Police artists worked in the Supreme Court of Tasmania from as early as 1824. An album of portraits of “prisoners taken in the dock” (Dunbar, QVMAG catalogue 1991:25) by Thomas Bock, the father of photographer Thomas Nevin’s close associate Alfred Bock, was on sale at the Sydney booksellers Angus and Robertson in 1910 when collector William Dixson bought it and bequeathed it eventually to the State Library of New South Wales. Alfred Bock also worked on commission as a police artist, producing sketches of prisoners in the dock. The earliest photographs to survive of prisoners taken at the Supreme Court and adjoining Hobart Gaol which were produced by Thomas J. Nevin date from his first contract issued in February 1872. … More From Thomas Bock to Thomas Nevin: Supreme Court prisoner portraits
Who were they? They were T.J. Nevin’s sitters for police records, mostly “Supreme Court men” photographed on committal for trial at the Supreme Court adjoining the Hobart Gaol when they were isolated in silence for a month after sentencing. If sentenced for a long term at the Supreme Court Launceston, they were photographed, bathed, shaved and dressed on being received in Hobart. These procedures, past and present, were reported at length by a visitor to the Hobart Gaol and Supreme Court in The Mercury, 8th July 1882 … … More The Supreme Court mugshots taken by T. J. Nevin from 1871 onwards
Private collector and professional photographer Geoff Harrisson kindly forwarded these six scans of studio portraits by Thomas J . Nevin, each bearing verso a different inscription or stamp. … More From the C. G. Harrisson Collection: three studio stamps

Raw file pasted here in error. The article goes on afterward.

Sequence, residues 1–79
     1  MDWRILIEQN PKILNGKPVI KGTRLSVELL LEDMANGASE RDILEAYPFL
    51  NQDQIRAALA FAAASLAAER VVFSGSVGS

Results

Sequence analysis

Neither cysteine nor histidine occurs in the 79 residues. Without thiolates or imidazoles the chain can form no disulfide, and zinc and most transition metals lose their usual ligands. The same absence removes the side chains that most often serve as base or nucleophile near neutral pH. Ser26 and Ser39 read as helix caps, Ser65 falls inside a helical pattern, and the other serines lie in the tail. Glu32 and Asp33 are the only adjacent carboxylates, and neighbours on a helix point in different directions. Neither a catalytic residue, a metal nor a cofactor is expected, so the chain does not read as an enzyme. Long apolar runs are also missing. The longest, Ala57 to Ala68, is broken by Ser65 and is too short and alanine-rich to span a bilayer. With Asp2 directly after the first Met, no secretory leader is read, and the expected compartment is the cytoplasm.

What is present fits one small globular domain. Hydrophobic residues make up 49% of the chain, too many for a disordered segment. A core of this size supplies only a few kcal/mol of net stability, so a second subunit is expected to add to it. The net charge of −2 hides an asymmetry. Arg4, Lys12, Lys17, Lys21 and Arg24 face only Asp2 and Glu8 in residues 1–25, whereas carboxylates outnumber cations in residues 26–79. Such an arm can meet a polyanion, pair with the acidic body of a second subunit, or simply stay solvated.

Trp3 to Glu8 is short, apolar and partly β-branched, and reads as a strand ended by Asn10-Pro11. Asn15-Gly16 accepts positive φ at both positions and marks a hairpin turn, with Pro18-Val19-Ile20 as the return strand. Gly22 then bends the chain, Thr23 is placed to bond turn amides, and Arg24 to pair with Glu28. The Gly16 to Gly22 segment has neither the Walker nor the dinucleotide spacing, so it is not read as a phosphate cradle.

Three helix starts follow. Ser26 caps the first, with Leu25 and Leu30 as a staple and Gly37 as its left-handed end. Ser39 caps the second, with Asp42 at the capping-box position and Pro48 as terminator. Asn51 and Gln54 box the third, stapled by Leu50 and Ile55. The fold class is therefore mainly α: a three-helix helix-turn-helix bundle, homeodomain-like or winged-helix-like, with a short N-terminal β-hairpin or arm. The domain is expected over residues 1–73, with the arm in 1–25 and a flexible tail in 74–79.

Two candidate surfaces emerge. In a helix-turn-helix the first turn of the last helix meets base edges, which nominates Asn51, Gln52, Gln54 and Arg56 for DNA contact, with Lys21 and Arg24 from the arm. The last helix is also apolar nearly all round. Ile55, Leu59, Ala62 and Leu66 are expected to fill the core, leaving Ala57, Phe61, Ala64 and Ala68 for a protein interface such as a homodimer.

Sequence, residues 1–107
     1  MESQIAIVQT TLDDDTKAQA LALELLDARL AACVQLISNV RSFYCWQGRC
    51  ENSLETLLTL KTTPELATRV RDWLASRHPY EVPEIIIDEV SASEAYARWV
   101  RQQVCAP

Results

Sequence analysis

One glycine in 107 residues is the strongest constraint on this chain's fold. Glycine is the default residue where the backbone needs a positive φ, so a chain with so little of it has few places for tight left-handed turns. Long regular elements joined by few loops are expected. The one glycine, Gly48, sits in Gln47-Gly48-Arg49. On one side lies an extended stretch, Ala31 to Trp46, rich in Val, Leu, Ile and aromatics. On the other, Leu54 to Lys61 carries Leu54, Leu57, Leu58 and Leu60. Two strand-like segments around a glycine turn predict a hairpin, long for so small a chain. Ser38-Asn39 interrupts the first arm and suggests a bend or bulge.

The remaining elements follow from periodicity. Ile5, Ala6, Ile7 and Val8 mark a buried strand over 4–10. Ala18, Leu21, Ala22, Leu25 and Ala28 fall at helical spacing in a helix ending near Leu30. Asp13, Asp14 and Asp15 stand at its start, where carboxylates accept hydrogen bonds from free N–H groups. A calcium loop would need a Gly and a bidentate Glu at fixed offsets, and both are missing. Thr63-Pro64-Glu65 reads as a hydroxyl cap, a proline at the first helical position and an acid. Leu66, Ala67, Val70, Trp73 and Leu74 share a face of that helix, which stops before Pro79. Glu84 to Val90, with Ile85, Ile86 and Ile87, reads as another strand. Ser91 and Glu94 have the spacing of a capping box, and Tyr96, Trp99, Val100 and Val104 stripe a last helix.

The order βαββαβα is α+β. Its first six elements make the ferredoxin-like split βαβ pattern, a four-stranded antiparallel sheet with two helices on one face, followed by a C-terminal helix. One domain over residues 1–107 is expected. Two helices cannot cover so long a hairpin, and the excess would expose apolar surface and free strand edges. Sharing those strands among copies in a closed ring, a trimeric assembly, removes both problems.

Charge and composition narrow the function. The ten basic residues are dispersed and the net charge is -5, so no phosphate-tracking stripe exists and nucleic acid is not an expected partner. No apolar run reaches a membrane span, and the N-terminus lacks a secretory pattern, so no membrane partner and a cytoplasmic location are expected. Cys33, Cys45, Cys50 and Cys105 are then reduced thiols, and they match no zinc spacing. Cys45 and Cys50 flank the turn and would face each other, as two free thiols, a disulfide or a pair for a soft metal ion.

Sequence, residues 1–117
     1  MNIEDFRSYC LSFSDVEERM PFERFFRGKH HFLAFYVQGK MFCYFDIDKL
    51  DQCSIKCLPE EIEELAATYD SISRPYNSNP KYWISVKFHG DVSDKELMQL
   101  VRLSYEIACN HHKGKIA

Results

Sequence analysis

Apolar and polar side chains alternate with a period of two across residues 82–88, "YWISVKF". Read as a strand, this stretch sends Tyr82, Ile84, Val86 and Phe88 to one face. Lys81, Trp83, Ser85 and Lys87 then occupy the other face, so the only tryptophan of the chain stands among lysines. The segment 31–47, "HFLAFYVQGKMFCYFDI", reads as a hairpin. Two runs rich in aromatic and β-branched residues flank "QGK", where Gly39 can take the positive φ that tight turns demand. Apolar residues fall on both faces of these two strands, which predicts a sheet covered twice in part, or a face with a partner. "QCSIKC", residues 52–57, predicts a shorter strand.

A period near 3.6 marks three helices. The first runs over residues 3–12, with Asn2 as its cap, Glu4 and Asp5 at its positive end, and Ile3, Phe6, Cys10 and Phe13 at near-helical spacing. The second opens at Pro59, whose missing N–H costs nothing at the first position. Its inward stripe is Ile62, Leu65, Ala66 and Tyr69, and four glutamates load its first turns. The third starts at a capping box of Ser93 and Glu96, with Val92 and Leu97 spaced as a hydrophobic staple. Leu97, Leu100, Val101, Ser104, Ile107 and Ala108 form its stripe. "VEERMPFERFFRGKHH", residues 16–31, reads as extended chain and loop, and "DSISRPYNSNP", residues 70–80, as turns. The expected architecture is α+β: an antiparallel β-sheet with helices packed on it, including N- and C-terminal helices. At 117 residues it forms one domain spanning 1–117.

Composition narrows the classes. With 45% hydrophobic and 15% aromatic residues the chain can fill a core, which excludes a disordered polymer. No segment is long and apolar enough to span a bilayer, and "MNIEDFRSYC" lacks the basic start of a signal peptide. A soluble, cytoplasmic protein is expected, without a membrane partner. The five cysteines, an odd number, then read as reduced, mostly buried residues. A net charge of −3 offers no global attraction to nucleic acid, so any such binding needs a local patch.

In 1944, the French writer Sidonie-Gabrielle Colette (1873-1954) published a short story called The Photographer’s Wife (La Dame du Photographe 1944), in which Mme Armand, the wife of the photographer – he who is referred to by their neighbour as “little old Big Eyes” – attempts suicide, some might think for an adulterous liaison, while she herself explains the reason as an unbearably trivial life. The drug she self-administers is not named, but at the moment when old Big Eyes raises the alarm, his hands are “all covered with hyposulphite” from a broken bottle in the studio. Hyposulphite was used in daguerreotype, ambrotype and collodion photography, one of several photochemicals including arsenic and cyanide with ready appeal to a self-poisoner. Elizabeth Rachel Day’s life as the wife of photographer Thomas J. Nevin in colonial Tasmania was very different from Colette’s literary portrait. However, from her marriage in 1871 until her husband’s residential appointment at the Hobart Town Hall in 1876, she lived and slept above a veritable factory of poisonous chemicals stored and used in her husband’s studio, a double-windowed building and glasshouse with the business name of The City Photographic Establishment, located at 140 Elizabeth St. Hobart. … More The Photographer’s wife at the studio
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